Adobe Photoshop CS5 Review - Interface And Performance Review


As well as new creative features CS5 has also seen some improvements to the user interface. Like previous versions CS5 comes with the Adobe Bridge file browser, in itself a powerful and extremely useful program for sorting and cataloguing your photo library, but it now also includes Mini Bridge, a cut-down thumbnail browser that opens in the main workspace. Other interface enhancements include instant switching between custom workspaces, such as design, photography, painting, or the general-purpose default essentials. As a further bonus, a separate program called Configurator 2.0, available for free download from Adobe, allows you to create your own custom panels.

An interesting new addition is CS Live, a web link that is built into the interface but which connects via your web browser to a section of Adobe’s website, where you’ll find help files, tutorials, a user forum and other resources to help you get more out of the program. The content is a bit limited at the moment, with more promotional pieces on other Adobe products than actual Photoshop content, but hopefully this will improve over time.

For those lucky enough to be able to afford CS5 Extended there are additional features there as well, including Easy 3D Extrusions, better 3D performance and workflow, and better use of realistic 3D materials. Unfortunately I don’t have access to a copy of CS5 extended, so I can’t really say much more about these features.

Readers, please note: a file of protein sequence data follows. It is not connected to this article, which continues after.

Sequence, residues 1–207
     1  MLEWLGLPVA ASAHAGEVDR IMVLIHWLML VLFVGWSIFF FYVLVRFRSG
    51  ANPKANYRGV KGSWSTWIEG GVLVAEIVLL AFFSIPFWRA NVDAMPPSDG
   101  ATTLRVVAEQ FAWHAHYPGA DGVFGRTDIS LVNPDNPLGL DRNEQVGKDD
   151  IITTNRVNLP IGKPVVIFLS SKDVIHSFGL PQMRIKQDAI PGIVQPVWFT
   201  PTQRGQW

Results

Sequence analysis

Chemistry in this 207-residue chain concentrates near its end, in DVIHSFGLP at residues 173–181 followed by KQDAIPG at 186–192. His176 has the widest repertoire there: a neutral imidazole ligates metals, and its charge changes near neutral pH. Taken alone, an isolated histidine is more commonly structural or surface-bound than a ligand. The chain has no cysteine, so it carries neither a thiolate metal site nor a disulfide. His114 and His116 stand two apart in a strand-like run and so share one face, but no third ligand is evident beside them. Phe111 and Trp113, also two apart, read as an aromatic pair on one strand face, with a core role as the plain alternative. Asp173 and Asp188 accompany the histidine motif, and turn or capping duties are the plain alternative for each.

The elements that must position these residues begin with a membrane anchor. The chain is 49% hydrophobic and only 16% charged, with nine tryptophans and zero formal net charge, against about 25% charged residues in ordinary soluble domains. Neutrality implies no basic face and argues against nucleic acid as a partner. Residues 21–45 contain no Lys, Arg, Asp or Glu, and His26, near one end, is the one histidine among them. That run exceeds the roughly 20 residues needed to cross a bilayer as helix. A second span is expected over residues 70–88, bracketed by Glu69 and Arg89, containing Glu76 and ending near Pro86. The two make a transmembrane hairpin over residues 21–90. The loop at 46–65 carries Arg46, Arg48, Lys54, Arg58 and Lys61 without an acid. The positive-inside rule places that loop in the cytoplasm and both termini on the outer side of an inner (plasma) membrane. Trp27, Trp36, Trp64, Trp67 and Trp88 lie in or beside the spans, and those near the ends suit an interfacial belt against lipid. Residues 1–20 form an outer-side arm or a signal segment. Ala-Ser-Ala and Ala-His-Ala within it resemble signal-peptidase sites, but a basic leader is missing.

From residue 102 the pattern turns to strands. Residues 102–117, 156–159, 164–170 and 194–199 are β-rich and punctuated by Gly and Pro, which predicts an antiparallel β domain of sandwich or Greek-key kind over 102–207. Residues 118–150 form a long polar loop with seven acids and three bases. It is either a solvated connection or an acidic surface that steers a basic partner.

The overall performance and stability of the program, admittedly not major issues in the previous version, have also been improved, although the program is now noticeably slower to launch. CS4 could be up and running in as little as six seconds, but CS5 takes closer to nine seconds on a second launch. I think you’ll agree that the extra three second delay isn’t a big price to pay for all the additional features. Users of 64-bit systems will also notice improvements in performance, as CS5 is now a native 64-bit application.

Photoshop CS5 further cements the reputation of this already legendary program as simply the best image editing and manipulation program available, and by such a wide margin that it really has no competition. Yes, it’s enormously expensive, and yes, it can appear dauntingly complicated to novice users, but if you want professional results there really is no alternative.


With the launch of version CS5, Adobe Photoshop remains what has always been, by far the best and most comprehensive image manipulation program available. A couple of the new features are a bit gimmicky, but most are immediately and immensely useful, and all are superbly implemented. There are enough improvements to make an upgrade from CS4 not just worthwhile, but essential for anyone who uses the program professionally.

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